Cross-referencing measurements thus demonstrate the equivalence of spectroscopic data attainable with the two PCF-sensing protocols and measurements in a standard cell. Each of the PCF sensing methods, at the same time, has important advantages over measurements in a standard cell. The first protocol, as mentioned above, is ideally suited for remote sensing of fluid samples, with a detector placed close to the radiation source, which makes it possible to perform measurements on biothreat fluid samples, as well as on biomolecules and biospecies processed by biochips. The second protocol of PCF sensing, on the other hand, uses the sample fluid in a much more efficient way than a standard cell does. To illustrate this argument, we compare the waveguide formed by the higher-index sample fluid in holes of the PCF in our experiments with thiacarbocyanine dye molecules dissolved in DMSO solvent. The image of the output end of the PCF filled with this fluid sample is presented in inset 1 to Fig. 3. Higher-index areas of fluid sample tend to confine light in the holes of PCF cladding. Each of these fluid channels forms a waveguide with a typical diameter of about 25 µm. With the refractive indices of the core and the cladding equal to n co≈1.47 and n cl≈1.46, the waveguide V parameter for a circular channel with a diameter d≈25 µm is estimated as V=πdλ -1(-)1/2≈20 (λ is the radiation wavelength). With such values of the V parameter, waveguiding is essentially multimode and the fraction of radiation guided outside the waveguide core is negligibly small. In an ideal situation when the entire input radiation energy is coupled into the fundamental mode of a circular waveguide, the fraction of radiation power guided outside the waveguide core, ζ≈(2.4)2 V -3, is less than 0.1%. The analysis of radiation intensity profiles in fluid channels at the output end of the PCF (inset 2 in Fig. 3) confirms this expectation, showing that laser radiation is strongly confined by total internal reflection to the modes guided in fluid channels. In practice, because of optical inhomogeneities, a noticeable part of laser radiation (up to 20% in our experiments) escapes from fluid channels, thus reducing the efficiency of interrogating light utilization. With the remaining fraction of laser radiation confined to fluid channels, PCFs, in fact, serve as compact and efficient cells, providing an 80% overlap of interrogating radiation and sample fluid. For a 5-cm section of a PCF with a sample fluid providing a reliable fluorescence signal at the detector, the volume of sample fluid filling the holes in the PCF cladding was about 0.5 µl. The level of the fluorescence signal obtained with such a PCF suggests that a few nanoliters of sample fluid would be sufficient to detect dye molecules with our experimental arrangement.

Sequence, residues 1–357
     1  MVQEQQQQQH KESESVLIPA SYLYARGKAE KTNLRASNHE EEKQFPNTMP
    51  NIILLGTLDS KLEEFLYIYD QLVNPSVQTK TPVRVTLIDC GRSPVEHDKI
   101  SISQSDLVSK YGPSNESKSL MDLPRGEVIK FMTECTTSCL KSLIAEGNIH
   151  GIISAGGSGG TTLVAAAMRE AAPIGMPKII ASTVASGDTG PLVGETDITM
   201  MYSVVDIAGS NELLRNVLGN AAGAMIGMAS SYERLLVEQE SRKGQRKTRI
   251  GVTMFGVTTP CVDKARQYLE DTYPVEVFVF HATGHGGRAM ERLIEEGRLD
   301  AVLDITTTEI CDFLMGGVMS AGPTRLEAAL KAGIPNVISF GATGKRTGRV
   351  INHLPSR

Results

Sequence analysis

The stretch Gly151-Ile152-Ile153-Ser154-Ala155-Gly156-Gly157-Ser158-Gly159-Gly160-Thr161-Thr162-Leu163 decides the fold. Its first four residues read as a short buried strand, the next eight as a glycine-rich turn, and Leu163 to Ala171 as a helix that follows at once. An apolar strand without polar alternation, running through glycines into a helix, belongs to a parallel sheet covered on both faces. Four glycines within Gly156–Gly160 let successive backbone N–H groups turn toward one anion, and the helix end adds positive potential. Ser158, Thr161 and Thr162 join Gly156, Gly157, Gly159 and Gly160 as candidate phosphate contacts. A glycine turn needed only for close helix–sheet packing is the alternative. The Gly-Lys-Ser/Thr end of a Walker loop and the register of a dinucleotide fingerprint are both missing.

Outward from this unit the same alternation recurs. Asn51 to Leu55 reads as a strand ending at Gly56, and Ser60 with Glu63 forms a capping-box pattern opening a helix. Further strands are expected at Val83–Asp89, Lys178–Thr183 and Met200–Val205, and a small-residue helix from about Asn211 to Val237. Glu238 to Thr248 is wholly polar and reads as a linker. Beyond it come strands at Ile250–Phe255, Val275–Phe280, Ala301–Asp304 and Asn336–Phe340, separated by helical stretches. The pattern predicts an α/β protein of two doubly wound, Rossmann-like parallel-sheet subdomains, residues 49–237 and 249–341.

Experimental results presented in this paper demonstrate a high potential of PCFs for optical sensing and sample collection. A diversified architecture of photonic-crystal fibers suggests various approaches to optical sensing. We compared two protocols of optical sensing with PCFs in this work. In the first protocol, diode-laser radiation is delivered to a sample through the central core of a dual-cladding PCF with a diameter of a few micrometers, while the large-diameter fiber cladding serves to collect the fluorescent response from the sample and to guide it to a detector in the backward direction. In the second scheme, liquid sample is collected by a microcapillary array in the PCF cladding and is interrogated by laser radiation guided in PCF modes. For sample fluids with refractive indices exceeding the refractive index of PCF material, fluid channels in PCFs can guide laser light by total internal reflection, providing an 80% overlap of interrogating radiation with sample fluid. Specially designed PCFs are shown to integrate an optical sensor with a micropipette, a sample collector, and a microfluidic polycapillary array in a single fiber-optic component, which is ideally suited for lab-on-chip applications, biosensing, and in vivo work in medicine.
We are grateful to V.I. Beloglazov, K.V. Dukel.skii, A.V. Khokhlov, Yu.N. Kondrat.ev, V.S. Shevandin, and N.B. Skibina for fabricating fiber samples. This study was supported in part by the President of Russian Federation Grant MD-42.2003.02, the Russian Foundation for Basic Research (projects nos. 03-02-16929, 04-02-81036-Bel2004, 04-02-39002-GFEN2004, and 03-02-20002-BNTS-a), INTAS (projects nos. 03-51-5037 and 03-51-5288), and Award no. RP2-2558 of the U.S. Civilian Research & Development Foundation for the Independent States of the Former Soviet Union (CRDF).